FORT BENNING, Ga.- Soldiers stationed around the world descended on Fort Hood, Texas, to fight for top honors at the 2012 All-Army Combatives Tournament July 28.
For the fighters, the competition represented the culmination of many hours of hard work honing their skills.
“It takes a lot of hard work and dedication,” explained Staff Sgt. Tony Lee, Combatives Non-commissioned Officer in Charge for the 3rd Armored Brigade Combat Team, 3rd Infantry Division. “For the last three and a half months our Soldiers have been training every day, eight hours a day, to make it here.”
The tournament kicked off with medical checks and weigh-ins July 25, and the first round of fighting started the following day.
“We start out with grappling,” explained Staff Sgt. Alex Mestre, an instructor assigned to 2nd Battalion, 29th Infantry Regiment, U.S. Army Combatives School. “It’s all about positions and holds.”
After hundreds of bouts, the winning fighters moved on to day two, and a new set of rules.
“Intermediate rules allow punches to the body, slaps to the head, and kicking,” said Mestre.
With the finals one day closer, fighters gave it their all for the chance to earn a championship bout in the fabled octagon.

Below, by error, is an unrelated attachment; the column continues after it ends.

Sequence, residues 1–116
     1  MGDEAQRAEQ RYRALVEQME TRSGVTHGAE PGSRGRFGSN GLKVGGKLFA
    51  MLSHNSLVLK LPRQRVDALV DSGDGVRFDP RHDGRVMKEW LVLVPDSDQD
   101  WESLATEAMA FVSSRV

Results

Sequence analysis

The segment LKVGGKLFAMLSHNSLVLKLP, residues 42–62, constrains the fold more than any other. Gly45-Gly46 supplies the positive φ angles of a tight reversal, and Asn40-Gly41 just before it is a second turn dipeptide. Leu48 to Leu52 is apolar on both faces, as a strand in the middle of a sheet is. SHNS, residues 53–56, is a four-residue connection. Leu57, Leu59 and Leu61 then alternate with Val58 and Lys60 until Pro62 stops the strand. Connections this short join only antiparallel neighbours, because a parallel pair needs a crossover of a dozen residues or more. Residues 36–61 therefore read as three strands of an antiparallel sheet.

Saturday the field house was transformed with a full light show, thumping music and spectators surrounding the eight-sided ring.
“Advanced rules are similar to a Mixed Martial Arts bout,” said Mestre. “The only differences are the fighters can’t spike their opponents on their head, strike the back of the head, or use knees for blows to the face.”
The team representing Fort Stewart, Ga., and the 3rd Infantry Division, spent the months leading to this tournament training in hopes of bettering their third place finish at the 2011 tourney. They fought hard and finished the 2012 tournament in second, narrowly losing to the three-time champions from Fort Hood by a margin of 21 points.
For the competitors, the road to the tournament is about more than one week of bouts.
“It was the 06-07 time frame, I was in Iraq,” said Spc. Nathaniel Freeman, the 2012 Heavyweight Champion, 1st Heavy Brigade Combat Team, 3rd Infantry Division. “I had a gentleman pull a knife and almost stab me with it. If it wasn’t for combatives, I wouldn’t have been able to keep myself disengaged, disarm him, and take him down without hurting myself or him.”
The skills honed while training extend beyond combat.
“With the Modern Army combatives Program, it teaches combat along with teaching you to be healthy and be safe,” said Freeman. “The longer you keep working at it, it clears any doubt in the back of your head about your ability to complete the mission.”
With a solid second place finish, the Marne team is already looking forward to next year.
“We want to build on all this hard work and keep the program strong,” said Lee. “We will be back next year at Fort Carson, Colo., ready to bring home the trophy.”